South Africa bans travellers from Ebola-affected countries

22 August 2014

South Africa has imposed a travel ban on foreign nationals travelling from West African countries identified as high-risk in order to prevent the spread of Ebola to the country, unless such travel is considered absolutely essential.

The identified high-risk countries are Guinea, Sierra Leone and Liberia – with Nigeria, Kenya and Ethiopia being identified as medium-risk.

Announcing the ban in Pretoria on Thursday, Health Minister Aaron Motsoaledi added that South African citizens wishing to travel to these countries would be asked to delay their travel unless it was also absolutely essential.

“All South Africans are hereby advised to avoid non-essential travel to Liberia, Guinea or Sierra Leone,” Motsoaledi said. “South Africans are not restricted from travelling to these countries, however all returning travellers from these countries will be subjected to rigorous screening and medical assessments before being allowed entry into the country.”

He said South African citizens returning from these countries would be subjected to a stricter screening process. This would include completing a comprehensive health questionnaire and temperature screening. If these revealed anything, they would be followed by a complete medical examination.

Motsoaledi said all travellers and crew members arriving at South African points of entry would have to complete a travel health questionnairel. “If found to have any of the symptoms or signs suggestive of Ebola, they will be referred to one of the designated hospitals for further investigations and management.”

The minister was briefing the media following the Cabinet’s latest fortnightly meeting, where he presented an update on the Ebola outbreak.

Over 1 000 people have died from the virus in West Africa, according to the World Health Organisation. Liberia, Guinea and Sierra Leone have each declared the outbreak a national disaster.

Besides the high-risk countries, South Africa has identified medium-risk countries – most people travelling from West Africa to South Africa travel via these countries – as well as low risk countries.

“For medium and low risk countries, the normal surveillance that has been going on will just be enhanced,” Motsoaledi said.

He added that there was a special category of South Africans who work in the high-risk countries in mining, communications, security and retail. “For these groups, we have called a special meeting tomorrow, which will deal with their unique situation.”

He said the Cabinet has decided to establish an inter-ministerial committee coordinate the country’s response to the Ebola outbreak.

“Cabinet further approved funding requested by the Department of Health, to the tune of R32.5-million, from the African Renaissance Fund, to support containment and prevent further spread of the virus to South Africa and other countries.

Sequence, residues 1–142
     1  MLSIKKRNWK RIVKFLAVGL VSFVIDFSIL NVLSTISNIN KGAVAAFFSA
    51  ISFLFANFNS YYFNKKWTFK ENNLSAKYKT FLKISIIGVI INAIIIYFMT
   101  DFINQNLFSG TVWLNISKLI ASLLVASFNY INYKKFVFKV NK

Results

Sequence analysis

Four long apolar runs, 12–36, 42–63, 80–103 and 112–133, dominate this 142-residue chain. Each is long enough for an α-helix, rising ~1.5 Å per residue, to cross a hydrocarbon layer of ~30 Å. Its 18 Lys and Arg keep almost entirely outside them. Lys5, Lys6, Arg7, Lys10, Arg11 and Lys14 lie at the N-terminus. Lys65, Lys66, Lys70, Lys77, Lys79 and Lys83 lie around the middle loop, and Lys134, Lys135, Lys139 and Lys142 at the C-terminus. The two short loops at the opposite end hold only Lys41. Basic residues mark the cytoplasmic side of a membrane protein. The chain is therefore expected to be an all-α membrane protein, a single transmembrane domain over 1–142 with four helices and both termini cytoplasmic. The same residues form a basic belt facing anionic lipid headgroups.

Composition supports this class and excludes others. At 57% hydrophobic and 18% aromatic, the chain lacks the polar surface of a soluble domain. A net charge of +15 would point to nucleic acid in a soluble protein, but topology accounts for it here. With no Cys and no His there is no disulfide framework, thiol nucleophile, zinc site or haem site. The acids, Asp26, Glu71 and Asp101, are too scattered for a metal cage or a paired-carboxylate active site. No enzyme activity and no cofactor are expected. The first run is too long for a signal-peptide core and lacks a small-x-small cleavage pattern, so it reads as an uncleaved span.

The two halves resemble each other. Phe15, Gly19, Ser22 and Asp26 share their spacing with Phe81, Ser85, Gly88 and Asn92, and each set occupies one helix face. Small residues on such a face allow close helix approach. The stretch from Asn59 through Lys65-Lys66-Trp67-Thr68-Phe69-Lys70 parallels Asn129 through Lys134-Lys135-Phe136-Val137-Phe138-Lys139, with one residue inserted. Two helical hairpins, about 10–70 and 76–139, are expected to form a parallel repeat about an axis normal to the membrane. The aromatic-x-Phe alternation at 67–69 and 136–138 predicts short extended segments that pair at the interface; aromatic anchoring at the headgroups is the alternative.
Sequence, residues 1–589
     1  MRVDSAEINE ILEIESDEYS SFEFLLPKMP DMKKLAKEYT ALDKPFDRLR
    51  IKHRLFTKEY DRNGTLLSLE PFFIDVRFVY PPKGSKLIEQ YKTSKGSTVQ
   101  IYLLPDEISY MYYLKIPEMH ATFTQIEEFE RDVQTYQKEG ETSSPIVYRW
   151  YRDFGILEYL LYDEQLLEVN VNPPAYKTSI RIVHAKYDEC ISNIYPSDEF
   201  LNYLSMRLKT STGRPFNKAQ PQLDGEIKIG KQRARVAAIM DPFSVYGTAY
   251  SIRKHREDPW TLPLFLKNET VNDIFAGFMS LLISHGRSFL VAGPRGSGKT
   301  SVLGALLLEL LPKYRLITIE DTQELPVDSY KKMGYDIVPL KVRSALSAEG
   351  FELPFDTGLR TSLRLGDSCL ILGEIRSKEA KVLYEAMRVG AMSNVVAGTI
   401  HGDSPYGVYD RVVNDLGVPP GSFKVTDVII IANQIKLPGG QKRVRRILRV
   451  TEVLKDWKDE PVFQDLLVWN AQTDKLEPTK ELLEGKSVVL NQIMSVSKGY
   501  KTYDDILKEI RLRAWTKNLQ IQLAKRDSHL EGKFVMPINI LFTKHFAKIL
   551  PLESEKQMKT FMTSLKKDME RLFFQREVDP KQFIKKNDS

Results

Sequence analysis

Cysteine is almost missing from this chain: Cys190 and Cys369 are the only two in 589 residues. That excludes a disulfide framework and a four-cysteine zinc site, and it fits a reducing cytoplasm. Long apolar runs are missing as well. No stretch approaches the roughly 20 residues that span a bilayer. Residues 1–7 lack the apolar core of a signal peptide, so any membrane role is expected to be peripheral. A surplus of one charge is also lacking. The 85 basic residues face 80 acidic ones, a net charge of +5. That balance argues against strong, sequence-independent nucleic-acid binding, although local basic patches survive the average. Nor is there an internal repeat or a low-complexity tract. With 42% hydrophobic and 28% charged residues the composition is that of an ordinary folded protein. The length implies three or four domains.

“Part of the funds will be used to deploy the mobile laboratory in Sierra Leone, fund transport and accommodation for the team and training for health care workers.”

Motsoaledi said the department had enhanced surveillance, distributed guidelines to all hospitals, designated health facilities for the treatment of Ebola patients, deployed personal protective equipment to designated facilities, conducted training, activated outbreak response teams, and was operating a hotline for clinicians through the National Institute for Communicable Diseases.

Precautions against contracting Ebola

There is no vaccine or specific treatment for Ebola, and many people who get the disease die. It is therefore important to take steps to prevent Ebola.

Travellers can become infected if they come into contact with the blood or bodily fluids of someone who is sick or has died from Ebola, sick wildlife or meat from an infected animal.

Health care providers caring for Ebola patients, and family and friends in close contact with an ill person, are at highest risk of contracting Ebola.

People travelling to one of the identified high-risk countries are advised to do the following:

  • Practice careful hygiene. Avoid contact with blood and bodily fluids of sick persons.
  • Do not handle items that may have come in contact with an infected person’s blood or bodily fluids.
  • Avoid funeral or burial rituals that require handling the body of someone who has died from Ebola.
  • Avoid contact with wild animals or with bush meat.
  • Avoid hospitals where Ebola patients are being treated. The South African Embassy or consulate is often able to provide advice on facilities that are suitable for your needs.
  • Seek medical care immediately if you develop fever, headache, achiness, sore throat, diarrhoea, vomiting, stomach pain, rash, or red eyes.
  • Limit your contact with other people when you travel to the doctor.